. . . . ;;. LOOPA/LOOPB:. Count down the loop counter.. If it goes -ve, . . ;;
. . . . ;;. we're just starting the loop so initialize it and branch. . . . ;;
. . . . ;;. If it goes 0, the loop is just finishing, so fall through.. . . ;;
. . . . ;;. Otherwise, store updated counter and branch.. . . . . . . . . . ;;
. . . . ;; --------------------------------------------------------------- ;;
@@cmd_loopb:
. . . . INCR. . R3. . . . . . . ; Point to loop counter B
@@cmd_loopa:
. . . . INCR. . R3. . . . . . . ; Point to loop counter A

. . . . MVI@. . R2,. . R0. . . ; Read argument to loop into R0
. . . . INCR. . R2. . . . . . . ;

. . . . MVI@. . R3,. . R5. . . ; read loop counter
. . . . DECR. . R5. . . . . . . ; count it down
. . . . BMI . . @@init_loop . . ; if it goes negative, we need to init it.
. . . . BEQ . . @@done_loop . . ; if it goes to zero, it's expiring

. . . . ;; --------------------------------------------------------------- ;;
. . . . ;;. +ve case:. Store updated counter and branch.. . . . . . . . . . ;;
. . . . ;; --------------------------------------------------------------- ;;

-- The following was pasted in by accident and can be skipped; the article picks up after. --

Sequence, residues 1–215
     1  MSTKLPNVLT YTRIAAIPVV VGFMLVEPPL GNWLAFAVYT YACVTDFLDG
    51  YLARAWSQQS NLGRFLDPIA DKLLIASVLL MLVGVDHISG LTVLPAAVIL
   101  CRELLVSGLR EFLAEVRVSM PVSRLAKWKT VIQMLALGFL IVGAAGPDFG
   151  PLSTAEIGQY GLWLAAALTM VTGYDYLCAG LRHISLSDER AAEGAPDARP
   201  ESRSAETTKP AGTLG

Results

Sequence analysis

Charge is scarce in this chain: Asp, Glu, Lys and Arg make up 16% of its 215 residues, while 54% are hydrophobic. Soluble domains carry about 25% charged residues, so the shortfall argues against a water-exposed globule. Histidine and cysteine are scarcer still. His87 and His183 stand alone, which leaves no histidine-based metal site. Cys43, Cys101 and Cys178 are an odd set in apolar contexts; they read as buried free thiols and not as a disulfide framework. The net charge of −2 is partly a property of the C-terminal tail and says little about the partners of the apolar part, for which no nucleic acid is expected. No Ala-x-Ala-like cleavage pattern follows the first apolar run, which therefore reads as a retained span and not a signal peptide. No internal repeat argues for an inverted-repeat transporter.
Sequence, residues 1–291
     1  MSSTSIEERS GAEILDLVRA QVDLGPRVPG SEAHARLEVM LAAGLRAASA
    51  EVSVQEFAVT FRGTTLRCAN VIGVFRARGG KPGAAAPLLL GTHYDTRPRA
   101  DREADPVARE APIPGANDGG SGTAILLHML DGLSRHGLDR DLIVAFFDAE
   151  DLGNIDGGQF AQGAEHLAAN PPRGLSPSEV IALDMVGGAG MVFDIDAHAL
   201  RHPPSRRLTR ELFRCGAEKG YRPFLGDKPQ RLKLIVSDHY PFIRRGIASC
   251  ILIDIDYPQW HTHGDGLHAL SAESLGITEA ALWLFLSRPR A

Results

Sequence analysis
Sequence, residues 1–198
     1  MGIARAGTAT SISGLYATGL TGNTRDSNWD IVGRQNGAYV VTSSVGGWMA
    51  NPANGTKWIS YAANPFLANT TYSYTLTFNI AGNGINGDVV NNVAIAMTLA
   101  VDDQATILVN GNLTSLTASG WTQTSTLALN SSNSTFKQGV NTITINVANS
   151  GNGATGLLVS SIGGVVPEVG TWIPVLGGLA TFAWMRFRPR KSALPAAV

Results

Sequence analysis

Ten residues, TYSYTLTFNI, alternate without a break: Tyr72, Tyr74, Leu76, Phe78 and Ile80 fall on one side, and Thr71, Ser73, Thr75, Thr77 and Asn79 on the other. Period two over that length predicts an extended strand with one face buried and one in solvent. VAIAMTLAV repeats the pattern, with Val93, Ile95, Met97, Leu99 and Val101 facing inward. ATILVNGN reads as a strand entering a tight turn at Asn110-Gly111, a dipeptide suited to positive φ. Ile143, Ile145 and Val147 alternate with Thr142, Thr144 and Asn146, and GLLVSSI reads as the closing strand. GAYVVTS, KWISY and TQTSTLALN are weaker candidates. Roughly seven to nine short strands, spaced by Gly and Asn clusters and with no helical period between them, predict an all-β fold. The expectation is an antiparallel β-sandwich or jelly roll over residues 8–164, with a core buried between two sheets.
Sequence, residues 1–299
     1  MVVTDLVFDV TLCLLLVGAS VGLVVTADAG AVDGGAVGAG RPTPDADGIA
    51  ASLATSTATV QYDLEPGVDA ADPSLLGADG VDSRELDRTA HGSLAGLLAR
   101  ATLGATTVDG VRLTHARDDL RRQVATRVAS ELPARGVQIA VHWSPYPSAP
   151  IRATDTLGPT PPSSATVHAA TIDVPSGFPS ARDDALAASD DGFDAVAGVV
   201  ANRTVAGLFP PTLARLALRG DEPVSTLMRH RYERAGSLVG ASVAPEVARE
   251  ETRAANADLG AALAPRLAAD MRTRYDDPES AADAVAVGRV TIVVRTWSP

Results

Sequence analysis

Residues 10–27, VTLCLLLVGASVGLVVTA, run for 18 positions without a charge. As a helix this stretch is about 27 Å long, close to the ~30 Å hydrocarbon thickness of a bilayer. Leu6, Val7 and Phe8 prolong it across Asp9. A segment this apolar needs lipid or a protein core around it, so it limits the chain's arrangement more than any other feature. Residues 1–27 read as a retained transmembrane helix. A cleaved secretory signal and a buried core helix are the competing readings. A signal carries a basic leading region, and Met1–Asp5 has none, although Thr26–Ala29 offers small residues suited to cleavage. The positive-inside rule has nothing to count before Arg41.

@@exec_loop:. . . . . . . . . . ; otherwise it was an active loop.
. . . . MVO@. . R5,. . R3. . . ; store updated loop counter

@@loop_jump:
. . . . ANDI. . #$FF,. R0. . . ; execute the jump.
. . . . XORI. . #$80,. R0. . . ;
. . . . SUBI. . #$80,. R0. . . ;
. . . . ADDR. . R0,. . R2. . . ;

. . . . B . . . @@finish_cmd. . ; finish this command.

. . . . ;; --------------------------------------------------------------- ;;
. . . . ;;. -ve case:. Initialize the loop counter and branch.. . . . . . . ;;
. . . . ;; --------------------------------------------------------------- ;;
@@init_loop:
. . . . SWAP. . R0. . . . . . . ;
. . . . MVO@. . R0,. . R3. . . ; initialize the loop counter.
. . . . SWAP. . R0. . . . . . . ;
. . . . B . . . @@loop_jump

. . . . ;; --------------------------------------------------------------- ;;
. . . . ;;. Zero case:. Zero out the counter and don't branch.. . . . . . . ;;
. . . . ;; --------------------------------------------------------------- ;;
@@done_loop:
. . . . MVO@. . R5,. . R3. . . ; store updated loop counter
. . . . B . . . @@finish_cmd. . ; and that's it.